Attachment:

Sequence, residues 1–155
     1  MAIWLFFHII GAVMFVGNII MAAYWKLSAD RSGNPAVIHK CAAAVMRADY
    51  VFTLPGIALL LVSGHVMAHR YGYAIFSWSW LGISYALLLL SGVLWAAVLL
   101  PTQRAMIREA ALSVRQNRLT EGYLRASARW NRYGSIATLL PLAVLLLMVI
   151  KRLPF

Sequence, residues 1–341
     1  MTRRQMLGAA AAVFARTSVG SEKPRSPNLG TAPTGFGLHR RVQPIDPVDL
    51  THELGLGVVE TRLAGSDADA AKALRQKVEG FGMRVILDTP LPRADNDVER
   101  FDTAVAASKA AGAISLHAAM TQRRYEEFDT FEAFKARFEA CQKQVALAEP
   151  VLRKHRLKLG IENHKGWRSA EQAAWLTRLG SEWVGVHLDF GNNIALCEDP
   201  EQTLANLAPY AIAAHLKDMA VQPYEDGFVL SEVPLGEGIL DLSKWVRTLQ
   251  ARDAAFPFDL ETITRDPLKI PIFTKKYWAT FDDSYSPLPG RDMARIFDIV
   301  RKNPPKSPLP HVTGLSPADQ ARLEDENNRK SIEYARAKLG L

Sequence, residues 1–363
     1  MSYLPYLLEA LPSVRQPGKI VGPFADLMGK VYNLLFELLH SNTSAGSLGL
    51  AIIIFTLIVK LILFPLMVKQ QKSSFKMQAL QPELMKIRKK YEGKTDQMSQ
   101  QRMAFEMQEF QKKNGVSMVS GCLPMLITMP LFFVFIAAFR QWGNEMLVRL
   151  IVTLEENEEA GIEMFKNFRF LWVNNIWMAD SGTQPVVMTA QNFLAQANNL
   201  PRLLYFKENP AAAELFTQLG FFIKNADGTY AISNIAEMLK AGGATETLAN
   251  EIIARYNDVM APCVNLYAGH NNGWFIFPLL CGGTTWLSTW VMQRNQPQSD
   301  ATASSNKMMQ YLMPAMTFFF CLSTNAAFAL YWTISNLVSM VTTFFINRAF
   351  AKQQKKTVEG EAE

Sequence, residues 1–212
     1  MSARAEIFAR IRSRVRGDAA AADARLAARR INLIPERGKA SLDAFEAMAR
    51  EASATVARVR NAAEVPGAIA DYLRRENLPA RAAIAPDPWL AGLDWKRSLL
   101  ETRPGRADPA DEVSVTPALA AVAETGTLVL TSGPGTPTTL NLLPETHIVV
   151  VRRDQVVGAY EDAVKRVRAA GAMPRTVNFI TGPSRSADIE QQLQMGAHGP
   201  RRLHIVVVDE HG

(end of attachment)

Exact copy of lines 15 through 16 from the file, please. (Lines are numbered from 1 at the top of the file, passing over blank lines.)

     1  MSYLPYLLEA LPSVRQPGKI VGPFADLMGK VYNLLFELLH SNTSAGSLGL
    51  AIIIFTLIVK LILFPLMVKQ QKSSFKMQAL QPELMKIRKK YEGKTDQMSQ